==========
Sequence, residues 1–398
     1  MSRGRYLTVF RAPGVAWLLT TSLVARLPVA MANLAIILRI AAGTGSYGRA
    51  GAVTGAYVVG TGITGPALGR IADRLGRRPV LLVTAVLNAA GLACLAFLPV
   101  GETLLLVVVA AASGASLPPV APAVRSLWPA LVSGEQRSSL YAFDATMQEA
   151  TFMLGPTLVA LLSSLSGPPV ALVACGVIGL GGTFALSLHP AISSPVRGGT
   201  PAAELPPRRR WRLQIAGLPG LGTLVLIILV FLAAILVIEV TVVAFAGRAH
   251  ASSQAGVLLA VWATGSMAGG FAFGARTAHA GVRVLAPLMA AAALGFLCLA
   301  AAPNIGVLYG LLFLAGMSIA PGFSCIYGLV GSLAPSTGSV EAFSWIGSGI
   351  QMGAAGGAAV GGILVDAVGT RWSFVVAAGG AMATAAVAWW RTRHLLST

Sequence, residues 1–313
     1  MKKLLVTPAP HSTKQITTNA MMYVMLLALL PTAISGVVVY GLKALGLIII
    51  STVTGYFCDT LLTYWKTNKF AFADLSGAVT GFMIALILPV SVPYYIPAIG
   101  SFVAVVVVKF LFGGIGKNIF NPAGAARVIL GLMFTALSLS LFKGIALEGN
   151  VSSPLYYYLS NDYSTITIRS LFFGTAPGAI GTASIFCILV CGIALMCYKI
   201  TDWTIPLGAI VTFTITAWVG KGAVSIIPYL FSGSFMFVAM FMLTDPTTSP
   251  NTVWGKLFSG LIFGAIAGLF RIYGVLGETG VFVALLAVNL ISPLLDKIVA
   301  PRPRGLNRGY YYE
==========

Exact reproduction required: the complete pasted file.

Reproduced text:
Sequence, residues 1–398
     1  MSRGRYLTVF RAPGVAWLLT TSLVARLPVA MANLAIILRI AAGTGSYGRA
    51  GAVTGAYVVG TGITGPALGR IADRLGRRPV LLVTAVLNAA GLACLAFLPV
   101  GETLLLVVVA AASGASLPPV APAVRSLWPA LVSGEQRSSL YAFDATMQEA
   151  TFMLGPTLVA LLSSLSGPPV ALVACGVIGL GGTFALSLHP AISSPVRGGT
   201  PAAELPPRRR WRLQIAGLPG LGTLVLIILV FLAAILVIEV TVVAFAGRAH
   251  ASSQAGVLLA VWATGSMAGG FAFGARTAHA GVRVLAPLMA AAALGFLCLA
   301  AAPNIGVLYG LLFLAGMSIA PGFSCIYGLV GSLAPSTGSV EAFSWIGSGI
   351  QMGAAGGAAV GGILVDAVGT RWSFVVAAGG AMATAAVAWW RTRHLLST

Sequence, residues 1–313
     1  MKKLLVTPAP HSTKQITTNA MMYVMLLALL PTAISGVVVY GLKALGLIII
    51  STVTGYFCDT LLTYWKTNKF AFADLSGAVT GFMIALILPV SVPYYIPAIG
   101  SFVAVVVVKF LFGGIGKNIF NPAGAARVIL GLMFTALSLS LFKGIALEGN
   151  VSSPLYYYLS NDYSTITIRS LFFGTAPGAI GTASIFCILV CGIALMCYKI
   201  TDWTIPLGAI VTFTITAWVG KGAVSIIPYL FSGSFMFVAM FMLTDPTTSP
   251  NTVWGKLFSG LIFGAIAGLF RIYGVLGETG VFVALLAVNL ISPLLDKIVA
   301  PRPRGLNRGY YYE